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Discussion Starter · #1 ·
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I know this is going to be a very stupid question for a lot of you but I'm going to ask anyway...

How long did 'traditional' branch lines last?? - ie How far into dieselisation did branch lines with goods shed, coal merchants, dairies etc etc last?

I ask as most of the info I can see in my stacks of RM back issues along with various books (prototype or modelling) only illustrate these type of branchlines firmly in the 100% steam era but show the 'transitional era' in towns and yards rather than rural branches...

Any helps, pointers etc appreciated especially towards prototype information.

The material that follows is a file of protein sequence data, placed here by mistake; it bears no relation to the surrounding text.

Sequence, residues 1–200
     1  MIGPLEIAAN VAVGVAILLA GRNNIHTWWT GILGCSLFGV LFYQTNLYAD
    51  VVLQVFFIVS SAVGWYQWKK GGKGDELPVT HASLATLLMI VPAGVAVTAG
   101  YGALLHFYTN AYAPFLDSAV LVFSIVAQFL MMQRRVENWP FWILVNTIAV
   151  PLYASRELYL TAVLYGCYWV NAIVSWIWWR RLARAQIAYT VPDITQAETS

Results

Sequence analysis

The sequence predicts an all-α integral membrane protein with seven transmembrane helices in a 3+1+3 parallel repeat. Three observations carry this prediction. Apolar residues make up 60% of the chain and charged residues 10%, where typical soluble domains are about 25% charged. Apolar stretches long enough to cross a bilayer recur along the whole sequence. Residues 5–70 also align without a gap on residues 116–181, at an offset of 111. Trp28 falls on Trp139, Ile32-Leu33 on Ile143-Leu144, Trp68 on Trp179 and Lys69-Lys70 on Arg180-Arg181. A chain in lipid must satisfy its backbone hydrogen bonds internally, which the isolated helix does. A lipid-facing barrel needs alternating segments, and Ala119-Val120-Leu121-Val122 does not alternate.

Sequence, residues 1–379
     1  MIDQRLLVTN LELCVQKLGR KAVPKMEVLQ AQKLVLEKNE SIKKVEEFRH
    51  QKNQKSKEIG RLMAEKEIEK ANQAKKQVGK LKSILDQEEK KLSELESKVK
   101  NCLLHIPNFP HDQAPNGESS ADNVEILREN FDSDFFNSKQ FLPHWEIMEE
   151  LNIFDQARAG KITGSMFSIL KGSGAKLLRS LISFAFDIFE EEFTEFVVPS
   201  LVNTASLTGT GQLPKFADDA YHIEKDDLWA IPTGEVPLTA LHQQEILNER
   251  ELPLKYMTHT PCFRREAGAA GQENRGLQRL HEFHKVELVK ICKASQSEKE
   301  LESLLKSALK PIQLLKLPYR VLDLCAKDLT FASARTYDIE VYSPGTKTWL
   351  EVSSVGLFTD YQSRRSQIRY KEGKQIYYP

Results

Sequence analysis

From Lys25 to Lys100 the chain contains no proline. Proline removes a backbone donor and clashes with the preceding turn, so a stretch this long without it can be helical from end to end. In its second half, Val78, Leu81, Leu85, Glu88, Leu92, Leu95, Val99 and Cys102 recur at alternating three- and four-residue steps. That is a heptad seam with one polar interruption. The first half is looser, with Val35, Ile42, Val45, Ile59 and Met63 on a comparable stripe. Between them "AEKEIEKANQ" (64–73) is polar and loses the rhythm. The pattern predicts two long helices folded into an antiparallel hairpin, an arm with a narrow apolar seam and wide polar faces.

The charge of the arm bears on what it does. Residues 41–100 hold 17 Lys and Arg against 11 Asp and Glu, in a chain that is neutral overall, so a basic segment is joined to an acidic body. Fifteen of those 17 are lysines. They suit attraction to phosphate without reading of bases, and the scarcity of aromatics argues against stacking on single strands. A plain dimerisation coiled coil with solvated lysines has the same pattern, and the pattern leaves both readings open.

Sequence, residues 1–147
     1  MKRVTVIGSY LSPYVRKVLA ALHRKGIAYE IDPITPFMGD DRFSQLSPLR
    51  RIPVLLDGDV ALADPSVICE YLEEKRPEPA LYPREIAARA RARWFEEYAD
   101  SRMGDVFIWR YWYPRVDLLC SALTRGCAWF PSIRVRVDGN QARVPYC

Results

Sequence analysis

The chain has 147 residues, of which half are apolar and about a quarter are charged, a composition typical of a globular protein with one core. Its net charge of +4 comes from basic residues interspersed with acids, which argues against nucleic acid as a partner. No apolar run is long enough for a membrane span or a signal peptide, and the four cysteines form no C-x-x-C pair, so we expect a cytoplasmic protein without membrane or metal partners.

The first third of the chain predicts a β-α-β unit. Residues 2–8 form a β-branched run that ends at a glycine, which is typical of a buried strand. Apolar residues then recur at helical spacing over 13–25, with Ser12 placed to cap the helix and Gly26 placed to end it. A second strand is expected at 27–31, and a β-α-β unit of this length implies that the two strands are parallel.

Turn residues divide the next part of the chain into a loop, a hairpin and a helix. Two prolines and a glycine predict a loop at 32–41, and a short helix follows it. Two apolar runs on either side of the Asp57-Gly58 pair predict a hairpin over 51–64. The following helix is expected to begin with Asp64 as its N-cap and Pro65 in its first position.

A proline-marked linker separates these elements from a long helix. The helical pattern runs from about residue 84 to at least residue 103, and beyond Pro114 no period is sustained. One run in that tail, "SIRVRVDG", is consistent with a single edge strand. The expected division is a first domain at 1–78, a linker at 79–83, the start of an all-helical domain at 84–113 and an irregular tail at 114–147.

Many thanks
Ralf
 

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Ralf -

Great question - please note that my responses below are based mainly on personal recollection and observation of only certain areas of the country, and I'm sure others more expert than I will have plenty to add...

"Traditional" wagonload freight carried on well through the BR Blue era into the 80's in many areas. Speedlink / Railfreight came in to play in the early 80's. As for dairies, I'm not absolutely certain here - I *think* that there was still some isolated milk traffic by rail in the early 70's in rural areas... others please feel free to contradict!

"Pick-up" goods was, I believe, still in operation in some rural areas - such as the Highlands - through the 70's and into the early 80's.